One great danger to any country, government, state, church or society, is ignorance. Ignorance is the embodiment of contention, the seed of strife, and the soil in which prejudice grows. Therefore in order to mitigate the race antagonism in the South they must educate the poor, whites and Negros both alike; teach them pride, the care, and dignity of home. Then will there be less strife, less contention, and less prejudice between the two races. The promotion of intelligence, of Christianity and civilization is the thing needed for the suppression of race antagonism in the South; more so than the repeal of the Fifteenth Amendment. And Mr. Cockran would have proved himself a more noble man had he given his splendid eloquence upon that particular theme; for these great principles and guides to civilization must continue to advance.
It was for the promotion of intelligence, of Christianity, of civilization and of these principles that the culture and cream of Northern society combated four long years against the flower of Southern aristocracy; that the learning and burning eloquence of Charles Sumner, Henry Wilson and Richard Yates; that the brilliant speeches of Thaddeus Stevens, James M. Ashley and many other statesmen of legal learning stood uncompromising until the Fifteenth Amendment became a law. The spirit and force which was then against the Amendment becoming a law, were from Southern men. The same spirit and force is in favor of its repeal now. But it will not be repealed; it is there and there it will remain, there to fill the benighted soul with inspiration and hope.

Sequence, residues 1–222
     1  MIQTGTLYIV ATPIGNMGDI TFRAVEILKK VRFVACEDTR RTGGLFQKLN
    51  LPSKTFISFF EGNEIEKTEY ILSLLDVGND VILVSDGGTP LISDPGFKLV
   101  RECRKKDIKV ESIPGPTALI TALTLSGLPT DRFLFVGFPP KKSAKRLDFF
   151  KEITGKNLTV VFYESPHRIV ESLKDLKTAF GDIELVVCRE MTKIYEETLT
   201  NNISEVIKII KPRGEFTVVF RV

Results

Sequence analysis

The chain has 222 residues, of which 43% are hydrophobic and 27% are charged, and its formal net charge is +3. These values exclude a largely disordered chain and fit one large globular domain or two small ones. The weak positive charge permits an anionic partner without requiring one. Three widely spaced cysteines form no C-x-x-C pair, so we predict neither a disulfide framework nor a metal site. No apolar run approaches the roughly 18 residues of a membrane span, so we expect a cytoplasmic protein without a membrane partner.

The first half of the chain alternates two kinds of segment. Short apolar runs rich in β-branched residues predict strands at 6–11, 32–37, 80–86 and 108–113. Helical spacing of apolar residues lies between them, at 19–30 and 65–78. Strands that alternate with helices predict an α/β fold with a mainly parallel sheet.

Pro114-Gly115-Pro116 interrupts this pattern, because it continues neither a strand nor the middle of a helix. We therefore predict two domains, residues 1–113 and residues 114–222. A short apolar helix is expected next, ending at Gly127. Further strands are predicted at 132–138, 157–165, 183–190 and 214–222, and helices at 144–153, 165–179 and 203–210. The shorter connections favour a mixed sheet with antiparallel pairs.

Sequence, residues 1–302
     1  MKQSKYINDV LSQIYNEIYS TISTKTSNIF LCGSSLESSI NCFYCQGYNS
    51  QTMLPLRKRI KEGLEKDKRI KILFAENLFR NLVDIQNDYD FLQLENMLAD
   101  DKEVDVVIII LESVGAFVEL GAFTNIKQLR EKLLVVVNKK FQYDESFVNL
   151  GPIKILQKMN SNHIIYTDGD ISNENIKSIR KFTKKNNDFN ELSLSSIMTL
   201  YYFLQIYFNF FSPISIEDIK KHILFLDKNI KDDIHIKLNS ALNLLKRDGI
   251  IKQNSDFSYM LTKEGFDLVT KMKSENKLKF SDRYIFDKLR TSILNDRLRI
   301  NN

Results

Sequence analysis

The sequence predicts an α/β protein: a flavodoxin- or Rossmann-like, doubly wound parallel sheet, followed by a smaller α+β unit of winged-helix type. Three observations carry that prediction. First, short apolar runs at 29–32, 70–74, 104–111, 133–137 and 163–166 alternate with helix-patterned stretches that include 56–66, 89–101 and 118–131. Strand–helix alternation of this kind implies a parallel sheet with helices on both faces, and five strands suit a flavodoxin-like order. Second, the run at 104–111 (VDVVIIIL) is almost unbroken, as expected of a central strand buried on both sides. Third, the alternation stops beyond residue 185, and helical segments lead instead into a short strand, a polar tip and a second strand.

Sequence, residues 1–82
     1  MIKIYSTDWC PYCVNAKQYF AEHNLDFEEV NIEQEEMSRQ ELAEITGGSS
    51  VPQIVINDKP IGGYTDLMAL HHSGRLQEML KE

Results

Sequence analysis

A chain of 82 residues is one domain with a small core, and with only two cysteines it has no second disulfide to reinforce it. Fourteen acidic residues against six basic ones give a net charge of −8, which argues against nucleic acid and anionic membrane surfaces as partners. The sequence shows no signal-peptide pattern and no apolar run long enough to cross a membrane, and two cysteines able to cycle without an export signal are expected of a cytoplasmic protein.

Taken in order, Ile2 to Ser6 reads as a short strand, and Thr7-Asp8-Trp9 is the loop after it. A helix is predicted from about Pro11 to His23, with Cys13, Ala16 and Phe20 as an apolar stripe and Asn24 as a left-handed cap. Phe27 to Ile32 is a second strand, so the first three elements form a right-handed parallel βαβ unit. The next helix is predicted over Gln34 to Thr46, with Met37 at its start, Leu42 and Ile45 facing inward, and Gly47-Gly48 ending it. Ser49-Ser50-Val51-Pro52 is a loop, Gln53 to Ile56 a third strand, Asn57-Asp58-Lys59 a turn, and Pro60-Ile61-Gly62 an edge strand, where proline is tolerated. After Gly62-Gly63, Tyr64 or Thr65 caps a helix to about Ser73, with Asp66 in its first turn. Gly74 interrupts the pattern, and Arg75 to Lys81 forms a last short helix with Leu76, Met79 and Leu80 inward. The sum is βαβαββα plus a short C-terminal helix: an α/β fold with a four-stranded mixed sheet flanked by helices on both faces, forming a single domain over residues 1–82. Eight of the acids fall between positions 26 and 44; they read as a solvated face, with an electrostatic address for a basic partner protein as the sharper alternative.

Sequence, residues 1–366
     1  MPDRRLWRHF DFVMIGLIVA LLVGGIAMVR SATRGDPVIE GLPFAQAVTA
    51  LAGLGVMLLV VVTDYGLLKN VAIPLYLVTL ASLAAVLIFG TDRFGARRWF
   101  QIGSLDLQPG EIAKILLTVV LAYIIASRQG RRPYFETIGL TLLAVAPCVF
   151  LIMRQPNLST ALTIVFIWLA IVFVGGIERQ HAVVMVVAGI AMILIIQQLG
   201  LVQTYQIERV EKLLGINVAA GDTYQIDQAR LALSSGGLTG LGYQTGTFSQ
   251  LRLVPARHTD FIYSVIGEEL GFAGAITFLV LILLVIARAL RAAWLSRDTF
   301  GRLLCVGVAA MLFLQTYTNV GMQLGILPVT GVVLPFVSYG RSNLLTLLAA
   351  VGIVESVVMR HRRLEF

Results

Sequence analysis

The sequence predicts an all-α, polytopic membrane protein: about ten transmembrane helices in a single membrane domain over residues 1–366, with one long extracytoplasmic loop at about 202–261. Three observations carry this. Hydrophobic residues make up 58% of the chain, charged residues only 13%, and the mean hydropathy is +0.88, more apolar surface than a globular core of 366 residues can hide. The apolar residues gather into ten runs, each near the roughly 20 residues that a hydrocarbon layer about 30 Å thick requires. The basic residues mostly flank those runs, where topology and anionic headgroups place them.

If the Fifteenth Amendment was repealed the Southern spirit is yet ambitious and tyrannical; they would want to go further. There is the Thirteenth Amendment and also the Fourteenth Amendment; both are in favor of civilization and citizenship. If they would succeed in getting the Fifteenth Amendment repealed, they would of necessity contend for the repeal of the Thirteenth and Fourteenth Amendments. The Thirteenth Amendment is against slavery and involuntary servitude. The Fourteenth Amendment recognizes “All persons born or naturalized” as “citizens of the United States,” and the Fifteenth Amendment gives them all the right to vote. Therefore the three amendments are in harmony, and in favor of right and justice, of freedom and the advancement of citizenship.
It’s too late now for Mr. Cochran and other white men who look with disdain upon the colored race, to create enough sentiment and public opinion to repeal the Fifteenth Amendment. They can never get the entire Negro race in the condition of servitude, – where they were forty years ago. Freedom is too much appreciated and liberty ever sublime, and among the white race we have noble friends who are ever ready to give us help when we are inclined to help ourselves. The best culture of the country has always been in favor of right, justice, intelligence, civilization and the advancement of Christianity.